The electrical resistivity of low-carbon martensitic steels was measured to estimate the carbon concentration in the solid solution. Since electrical resistivity is influenced not only by solute carbon but also by substitutional elements, lattice defects, and second phase, the effects of these factors need to be subtracted from the total electrical resistivity to obtain an accurate solute carbon concentration via this method. Consequently, the effects of dislocations and grain boundaries were much smaller than those of solute elements, representing approximately 1-2% of the total electrical resistivity in martensitic steel. However, substitutional elements and retained austenite were found to be significantly effective. By subtracting these effects from the measured value, the change in electrical resistivity owing to solute carbon (Δρsol.C) could be formulated as a function of the carbon concentration in the solid solution of martensite (Csol) as follows: Δρsol.C[mωmm] = 0.25×Csol[mass%] The estimated solute carbon concentration was confirmed to correspond to the directly measured value by atom probe tomography.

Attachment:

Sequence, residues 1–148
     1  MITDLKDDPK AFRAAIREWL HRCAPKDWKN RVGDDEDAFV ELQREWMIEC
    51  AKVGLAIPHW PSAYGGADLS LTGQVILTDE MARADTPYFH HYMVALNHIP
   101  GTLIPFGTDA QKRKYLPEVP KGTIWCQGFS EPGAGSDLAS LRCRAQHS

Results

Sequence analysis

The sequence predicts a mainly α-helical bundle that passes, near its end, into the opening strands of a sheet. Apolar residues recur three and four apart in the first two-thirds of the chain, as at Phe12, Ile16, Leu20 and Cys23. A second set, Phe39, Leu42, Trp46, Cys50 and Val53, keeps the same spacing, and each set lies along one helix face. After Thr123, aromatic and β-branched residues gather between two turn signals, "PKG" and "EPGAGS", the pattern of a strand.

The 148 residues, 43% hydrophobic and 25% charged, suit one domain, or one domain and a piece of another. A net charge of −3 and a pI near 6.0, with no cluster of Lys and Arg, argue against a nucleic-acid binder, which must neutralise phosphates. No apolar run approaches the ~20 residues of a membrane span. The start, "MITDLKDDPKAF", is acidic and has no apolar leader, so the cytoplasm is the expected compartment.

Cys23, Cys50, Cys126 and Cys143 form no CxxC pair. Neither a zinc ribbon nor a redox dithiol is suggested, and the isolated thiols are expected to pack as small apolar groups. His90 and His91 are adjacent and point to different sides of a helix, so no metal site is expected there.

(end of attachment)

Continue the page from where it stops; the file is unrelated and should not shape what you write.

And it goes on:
|Number of pages||8|
|Publication status||Published - 2021|
All Science Journal Classification (ASJC) codes
- Mechanics of Materials
- Mechanical Engineering
- Metals and Alloys
- Materials Chemistry